“I regard the theatre as the greatest of all art forms, the most immediate way in which a human being can share with another the sense of what it is to be a human being” – Oscar Wilde
This is one of the countless witticisms of the beloved literary icon and it is perfectly encapsulated in this operatic adaptation of one of his most thought-provoking short stories “The Nightingale and The Rose”
I attended the performance on Tuesday October 16th. As a long-time fan of Wilde with a love of music I could not miss it. I absolutely loved every minute from start to well-deserved standing ovation for the cast at the end.
Composer and Director John O’Brien, along with Associate Director Éadaoin O’ Donoghue have created an opera anyone can enjoy. The cast and team deserve high praise for their work, with a moving performance by Kim Sheehan as the titular nightingale. Another memorable feature is that the role of the Rose Tree is played by an ensemble who own the stage every time they appear. I do not wish to spoil the full experience as it really is a show that draws you in and will stay with you for a long time to come.
What particularly stood out for me were the costumes and set, designed by Lisa Zagone, which truly bring the magical garden in Wilde’s fairytale to life. The orchestra themselves play a part in the narrative as the nine Muses of Greek mythology, each represented as a different animal or plant. These colourful creations are contrasted by the muted colours of the Student character, a figure of realism and practicality. Such details are what make a show memorable and it is safe to say that Wilde would be proud.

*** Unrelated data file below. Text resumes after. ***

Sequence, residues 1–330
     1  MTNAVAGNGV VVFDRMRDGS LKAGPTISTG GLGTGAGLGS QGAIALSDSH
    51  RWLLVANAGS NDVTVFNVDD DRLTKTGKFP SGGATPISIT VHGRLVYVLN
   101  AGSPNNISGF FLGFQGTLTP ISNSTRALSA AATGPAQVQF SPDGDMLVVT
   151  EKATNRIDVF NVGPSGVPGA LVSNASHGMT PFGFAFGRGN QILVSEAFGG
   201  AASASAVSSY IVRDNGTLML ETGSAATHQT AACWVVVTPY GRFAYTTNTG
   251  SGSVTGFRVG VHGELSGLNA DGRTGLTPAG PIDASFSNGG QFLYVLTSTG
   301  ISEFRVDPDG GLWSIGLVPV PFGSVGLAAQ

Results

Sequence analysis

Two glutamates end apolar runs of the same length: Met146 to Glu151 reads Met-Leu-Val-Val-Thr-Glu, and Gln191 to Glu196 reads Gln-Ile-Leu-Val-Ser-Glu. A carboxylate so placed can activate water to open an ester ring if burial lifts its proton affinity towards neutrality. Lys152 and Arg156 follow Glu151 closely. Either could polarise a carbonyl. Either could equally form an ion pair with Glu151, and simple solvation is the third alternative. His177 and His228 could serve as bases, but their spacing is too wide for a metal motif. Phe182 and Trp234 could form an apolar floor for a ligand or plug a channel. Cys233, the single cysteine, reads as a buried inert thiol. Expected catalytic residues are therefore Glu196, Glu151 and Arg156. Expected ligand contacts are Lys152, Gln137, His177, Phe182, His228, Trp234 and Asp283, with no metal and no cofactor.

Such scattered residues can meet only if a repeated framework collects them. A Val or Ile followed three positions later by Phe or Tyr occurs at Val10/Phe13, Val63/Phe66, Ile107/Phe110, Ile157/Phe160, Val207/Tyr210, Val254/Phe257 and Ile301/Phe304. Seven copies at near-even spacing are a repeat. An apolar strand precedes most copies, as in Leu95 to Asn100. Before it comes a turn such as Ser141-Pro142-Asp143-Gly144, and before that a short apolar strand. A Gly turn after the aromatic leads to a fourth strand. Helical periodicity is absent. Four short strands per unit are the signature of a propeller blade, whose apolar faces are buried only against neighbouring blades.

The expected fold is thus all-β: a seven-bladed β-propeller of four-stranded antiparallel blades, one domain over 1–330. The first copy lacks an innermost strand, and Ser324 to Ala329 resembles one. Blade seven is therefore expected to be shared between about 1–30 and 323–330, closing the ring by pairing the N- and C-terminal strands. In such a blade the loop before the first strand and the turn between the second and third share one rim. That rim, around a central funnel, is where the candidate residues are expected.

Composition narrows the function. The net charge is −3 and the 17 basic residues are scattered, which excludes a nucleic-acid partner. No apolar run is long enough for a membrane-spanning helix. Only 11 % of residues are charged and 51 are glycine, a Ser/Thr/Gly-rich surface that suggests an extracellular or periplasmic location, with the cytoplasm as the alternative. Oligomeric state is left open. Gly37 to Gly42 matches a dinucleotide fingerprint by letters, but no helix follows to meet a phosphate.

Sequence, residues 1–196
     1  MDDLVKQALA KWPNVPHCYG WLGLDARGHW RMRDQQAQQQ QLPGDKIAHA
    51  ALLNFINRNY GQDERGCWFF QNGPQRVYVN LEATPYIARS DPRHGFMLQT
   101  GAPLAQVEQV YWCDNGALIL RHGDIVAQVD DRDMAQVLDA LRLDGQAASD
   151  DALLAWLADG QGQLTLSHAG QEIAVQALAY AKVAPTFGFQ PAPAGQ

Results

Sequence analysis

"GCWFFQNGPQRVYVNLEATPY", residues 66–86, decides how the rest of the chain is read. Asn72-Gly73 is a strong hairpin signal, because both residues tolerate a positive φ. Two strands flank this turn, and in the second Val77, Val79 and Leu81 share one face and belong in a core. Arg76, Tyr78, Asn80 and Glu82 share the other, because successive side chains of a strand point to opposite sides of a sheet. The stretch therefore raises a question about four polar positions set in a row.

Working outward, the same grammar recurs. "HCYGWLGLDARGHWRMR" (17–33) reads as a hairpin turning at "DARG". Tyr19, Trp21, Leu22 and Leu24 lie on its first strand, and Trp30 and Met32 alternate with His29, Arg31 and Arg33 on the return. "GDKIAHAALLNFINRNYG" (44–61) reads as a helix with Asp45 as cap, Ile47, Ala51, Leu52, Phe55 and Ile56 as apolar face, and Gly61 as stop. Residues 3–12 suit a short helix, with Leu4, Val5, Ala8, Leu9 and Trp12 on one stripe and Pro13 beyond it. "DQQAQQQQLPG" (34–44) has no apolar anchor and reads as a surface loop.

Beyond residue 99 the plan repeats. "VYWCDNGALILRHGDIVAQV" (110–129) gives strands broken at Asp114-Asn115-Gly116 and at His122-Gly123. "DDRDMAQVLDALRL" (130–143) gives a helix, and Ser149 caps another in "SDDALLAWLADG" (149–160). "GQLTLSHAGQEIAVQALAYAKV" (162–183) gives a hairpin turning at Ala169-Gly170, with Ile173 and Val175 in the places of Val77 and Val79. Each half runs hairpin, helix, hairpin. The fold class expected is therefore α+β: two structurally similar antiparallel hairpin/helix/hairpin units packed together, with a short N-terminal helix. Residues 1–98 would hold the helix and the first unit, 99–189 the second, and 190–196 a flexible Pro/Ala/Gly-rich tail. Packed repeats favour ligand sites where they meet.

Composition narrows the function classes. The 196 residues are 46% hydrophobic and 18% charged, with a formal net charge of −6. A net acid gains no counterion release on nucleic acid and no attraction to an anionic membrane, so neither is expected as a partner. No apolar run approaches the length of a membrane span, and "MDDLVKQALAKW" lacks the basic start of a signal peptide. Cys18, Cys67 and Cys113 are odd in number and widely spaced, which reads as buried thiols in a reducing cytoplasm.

The story the opera is based on is about true love and the beauty of art surviving in a world that was beginning to dismiss such things as fanciful, a world valuing only facts and what is practical, much like its student. Wilde’s fairytale worlds reflected reality, showing not an idealized happily ever after but harsh truths that make his readers pause and consider what truly makes life beautiful.
John O’Brien, Éadaoin O’Donoghue and the whole team behind this opera have captured that message perfectly with moving musical performances from the entire cast and if given the opportunity I would see it again in a heartbeat.
This production is no longer available in The Everyman. However, there are further dates for October at the below venues. See websites provided for further details: